Tag Archives: science

Frankenstein Exhibit and Science

  One of the most interesting parts of the traveling Frankenstein exhibit was on the last partition. That side was all about modern advances in medicine and genetics. Today, genetics, cloning, artificial organs, genetically enhancing organisms and stem cell research not only can be connected to the story of Frankenstein but have raised great concern for the scientific community as well as the general public and it got me thinking…

These issues raise a lot of questions such as, what it means to be human? What is morally and ethically right or wrong with these issues? What limits  should be placed on scientific discovery in general? What restrictions, if any, should be placed on these new advancements? And who gets to answer these questions and make the choices?

These advancements have even  drawn the attention of Hollywood. Movies are being made to make people aware of these issues as well as the problems that may stem from them and the questions they raise. A few such movies are, Gattaca (genetics), The Island (cloning) and Repo-Men (artificial organs).

These movie plots and the problems they raise may seem a bit extreme but wasn’t Frankenstein’s plot a bit extreme for the time period in which it was written? That is part of what made it such a great scary story. However, with all our bio-medical advancements the idea of the monster it not too far off. We are able to save lives with modern medicine and technology including organ donations, surgery and jump starting a heart with electricity by using a defibrillator.

If history and such movies as stated above have taught us anything, it is to be cautious when it comes to advancements. People like to take advantage of situations and technologies if no restrictions are in place. Whether it is to clone loved ones in case an organ fails, genetically enhance certain abilities,  create artificial organs to defy death or the create a companion from dead matter because of loneliness there need to be restrictions so things do not get out of control.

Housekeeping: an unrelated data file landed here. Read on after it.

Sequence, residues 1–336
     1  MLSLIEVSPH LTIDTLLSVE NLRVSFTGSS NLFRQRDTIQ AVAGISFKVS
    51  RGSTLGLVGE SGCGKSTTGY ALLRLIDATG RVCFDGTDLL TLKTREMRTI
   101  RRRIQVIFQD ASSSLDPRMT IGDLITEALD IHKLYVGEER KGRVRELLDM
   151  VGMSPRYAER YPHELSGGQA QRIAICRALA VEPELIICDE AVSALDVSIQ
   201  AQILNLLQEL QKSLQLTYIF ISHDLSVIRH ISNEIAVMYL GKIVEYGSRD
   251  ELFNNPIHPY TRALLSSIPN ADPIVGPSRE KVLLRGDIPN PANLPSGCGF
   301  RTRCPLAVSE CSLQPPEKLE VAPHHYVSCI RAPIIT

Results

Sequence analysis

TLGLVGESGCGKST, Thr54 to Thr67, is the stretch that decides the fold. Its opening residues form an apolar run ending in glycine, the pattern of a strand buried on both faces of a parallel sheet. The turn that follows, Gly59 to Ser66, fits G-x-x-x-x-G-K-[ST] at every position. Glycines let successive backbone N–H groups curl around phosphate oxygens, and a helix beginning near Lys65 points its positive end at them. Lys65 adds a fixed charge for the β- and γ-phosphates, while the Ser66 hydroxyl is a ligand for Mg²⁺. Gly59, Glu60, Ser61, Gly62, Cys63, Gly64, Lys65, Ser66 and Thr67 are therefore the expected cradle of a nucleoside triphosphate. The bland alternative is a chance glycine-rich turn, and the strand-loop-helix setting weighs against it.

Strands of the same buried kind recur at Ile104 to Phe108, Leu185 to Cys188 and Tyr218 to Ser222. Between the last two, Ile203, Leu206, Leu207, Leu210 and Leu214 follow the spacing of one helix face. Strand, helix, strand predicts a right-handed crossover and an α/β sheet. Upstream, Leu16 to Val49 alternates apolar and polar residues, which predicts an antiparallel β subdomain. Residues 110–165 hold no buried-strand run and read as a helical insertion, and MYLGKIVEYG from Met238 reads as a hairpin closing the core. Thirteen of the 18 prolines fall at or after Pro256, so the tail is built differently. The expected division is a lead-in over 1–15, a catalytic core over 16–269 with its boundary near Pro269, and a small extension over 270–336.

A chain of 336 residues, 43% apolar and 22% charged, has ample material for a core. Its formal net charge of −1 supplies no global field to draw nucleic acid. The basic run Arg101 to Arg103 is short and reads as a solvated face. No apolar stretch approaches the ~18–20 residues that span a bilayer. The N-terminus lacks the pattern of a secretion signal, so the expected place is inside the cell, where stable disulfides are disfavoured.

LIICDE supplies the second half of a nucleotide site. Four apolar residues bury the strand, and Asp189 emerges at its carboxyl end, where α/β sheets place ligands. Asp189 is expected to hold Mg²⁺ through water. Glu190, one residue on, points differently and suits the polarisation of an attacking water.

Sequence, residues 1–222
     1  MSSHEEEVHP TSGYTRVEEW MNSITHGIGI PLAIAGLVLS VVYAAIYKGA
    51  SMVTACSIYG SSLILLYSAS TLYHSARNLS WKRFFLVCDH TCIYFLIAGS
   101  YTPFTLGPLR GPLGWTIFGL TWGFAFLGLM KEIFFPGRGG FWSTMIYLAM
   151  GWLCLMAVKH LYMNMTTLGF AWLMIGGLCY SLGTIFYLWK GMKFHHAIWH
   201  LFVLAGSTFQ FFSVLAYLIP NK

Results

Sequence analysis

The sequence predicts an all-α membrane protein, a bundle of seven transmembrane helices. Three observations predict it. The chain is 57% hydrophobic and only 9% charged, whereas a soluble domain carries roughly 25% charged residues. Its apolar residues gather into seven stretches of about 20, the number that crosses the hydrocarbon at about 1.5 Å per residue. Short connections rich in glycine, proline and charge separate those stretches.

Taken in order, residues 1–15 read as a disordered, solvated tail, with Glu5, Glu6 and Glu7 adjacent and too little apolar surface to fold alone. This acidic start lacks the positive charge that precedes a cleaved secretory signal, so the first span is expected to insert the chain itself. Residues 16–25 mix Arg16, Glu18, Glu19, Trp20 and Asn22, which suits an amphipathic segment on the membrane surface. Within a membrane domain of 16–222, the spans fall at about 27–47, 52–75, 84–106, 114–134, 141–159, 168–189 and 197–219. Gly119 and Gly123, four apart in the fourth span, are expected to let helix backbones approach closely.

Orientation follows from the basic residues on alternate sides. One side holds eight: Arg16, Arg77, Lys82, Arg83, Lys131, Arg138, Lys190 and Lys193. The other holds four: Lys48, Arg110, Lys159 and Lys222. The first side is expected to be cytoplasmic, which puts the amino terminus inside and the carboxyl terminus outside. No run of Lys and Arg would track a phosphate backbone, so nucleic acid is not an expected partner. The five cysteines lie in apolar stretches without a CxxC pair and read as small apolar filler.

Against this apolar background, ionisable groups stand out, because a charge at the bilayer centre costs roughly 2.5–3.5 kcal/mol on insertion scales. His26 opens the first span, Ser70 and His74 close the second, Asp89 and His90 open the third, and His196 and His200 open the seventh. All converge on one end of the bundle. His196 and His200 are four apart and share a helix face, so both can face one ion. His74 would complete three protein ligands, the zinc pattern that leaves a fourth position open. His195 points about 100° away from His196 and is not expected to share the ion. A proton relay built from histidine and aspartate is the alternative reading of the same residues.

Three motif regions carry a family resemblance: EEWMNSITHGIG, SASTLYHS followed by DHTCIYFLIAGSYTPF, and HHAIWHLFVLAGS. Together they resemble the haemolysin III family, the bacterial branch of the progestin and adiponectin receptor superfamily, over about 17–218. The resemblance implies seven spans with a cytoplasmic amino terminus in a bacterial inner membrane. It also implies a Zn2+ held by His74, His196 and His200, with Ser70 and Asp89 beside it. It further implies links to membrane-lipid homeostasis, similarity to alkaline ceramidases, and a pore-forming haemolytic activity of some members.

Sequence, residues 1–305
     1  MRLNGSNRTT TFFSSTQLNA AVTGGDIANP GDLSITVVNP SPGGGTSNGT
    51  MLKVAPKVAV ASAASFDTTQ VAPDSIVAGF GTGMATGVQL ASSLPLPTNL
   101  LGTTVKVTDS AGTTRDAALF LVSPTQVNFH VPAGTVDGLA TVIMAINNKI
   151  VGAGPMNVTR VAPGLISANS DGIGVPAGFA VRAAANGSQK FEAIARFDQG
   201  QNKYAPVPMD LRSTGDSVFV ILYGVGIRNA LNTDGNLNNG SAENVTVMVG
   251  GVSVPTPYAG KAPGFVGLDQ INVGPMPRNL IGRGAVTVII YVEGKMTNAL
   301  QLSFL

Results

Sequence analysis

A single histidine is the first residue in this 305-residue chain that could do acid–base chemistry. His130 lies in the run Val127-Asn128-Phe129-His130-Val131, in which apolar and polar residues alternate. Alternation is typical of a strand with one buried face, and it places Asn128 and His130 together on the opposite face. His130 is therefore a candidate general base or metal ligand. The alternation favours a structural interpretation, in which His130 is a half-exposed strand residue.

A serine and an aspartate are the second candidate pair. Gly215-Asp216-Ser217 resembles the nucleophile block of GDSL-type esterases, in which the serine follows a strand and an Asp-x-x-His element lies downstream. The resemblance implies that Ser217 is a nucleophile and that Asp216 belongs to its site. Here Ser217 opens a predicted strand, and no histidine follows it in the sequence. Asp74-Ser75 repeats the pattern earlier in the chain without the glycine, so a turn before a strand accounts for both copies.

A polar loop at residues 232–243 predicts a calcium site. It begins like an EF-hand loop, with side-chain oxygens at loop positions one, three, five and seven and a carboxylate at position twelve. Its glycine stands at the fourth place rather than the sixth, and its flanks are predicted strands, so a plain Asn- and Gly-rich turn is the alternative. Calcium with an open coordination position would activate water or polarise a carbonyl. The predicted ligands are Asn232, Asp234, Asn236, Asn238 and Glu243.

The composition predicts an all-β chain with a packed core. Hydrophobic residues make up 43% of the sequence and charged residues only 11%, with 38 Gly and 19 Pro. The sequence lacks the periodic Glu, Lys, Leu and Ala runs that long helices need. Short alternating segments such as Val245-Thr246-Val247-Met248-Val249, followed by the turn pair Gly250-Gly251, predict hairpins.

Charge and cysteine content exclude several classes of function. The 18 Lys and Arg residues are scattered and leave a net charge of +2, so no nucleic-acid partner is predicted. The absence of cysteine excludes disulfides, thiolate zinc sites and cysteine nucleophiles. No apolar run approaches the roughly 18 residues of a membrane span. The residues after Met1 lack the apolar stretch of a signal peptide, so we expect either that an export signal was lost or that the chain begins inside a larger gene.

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What’s scarier that monsters?

More so than any one individual section of the Frankenstein exhibit, what caught my interest most was that I saw a continuous message from multiple different sections. I noticed a great deal of emphasis on science and ethics. The exhibit featured information about subjects from cloning, creating life,and re-animating dead beings, to genetically modified food. Each these are scientific developments that are exciting for the future of the world, but are greatly opposed by some because of the fear of not knowing what impacts and long term effects they may have. The debate we face in science is the same issue Victor faced. The ethical decision is either to continue to work towards advancement at the cost of potentially catastrophic results, or remaining where we are in the world of discovery an allowing our fears to hinder out development.

A Connecticut Yankee in King Arthur’s Court gives us what I believe is the best evidence that we should continue to research the endless possibilities. In the book, Hank’s perspective on the time period allows him to show readers that as time goes on, and our understanding increases, we fear things much less. For instance, when Hank uses a pistol to shoot the knights in the contest, the people are terrified and think it is magic. Hank, having known the technology long enough to understand it, is able to control it and use it to serve a purpose. If we do not allow for experimentation, we will never be able to understand the unknowns we have and the potential of the science we may discover.

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Baby Fae

The Frankenstein Exhibit that we visited in class presented several very interesting comparisons between Frankenstein and technological advancements made in modern medicine. I thought the portion about Baby Fae was most interesting. Baby Fae was born in 1984 with an abnormal heart. After being given a terminal sentence by the doctors her parents turned to experimental procedures. She became the first infant to receive a xenotransplant (animal to human transplant). Doctor Leonard L. Bailey operated on Baby Fae replacing the infant’s heart with the heart of a Baboon. Baby Fae survived 21 days before dying of a kidney infection.

This case brings up several ethical issues. Does a human having animal organs make them any less human? Is it right for animals to be killed if it means saving the life of a human being? Is it ok for doctors to perform untested medical procedures on infants if they have been diagnosed as terminal?

In my own opinion it does not make the person any less human to have the body parts of another mammal operating within them. I do however take issue with the potential slaughter of animals for human benefit. I also think, however, that it is sometimes necessary for doctors to take ethical risks to make advancements in the medical field.

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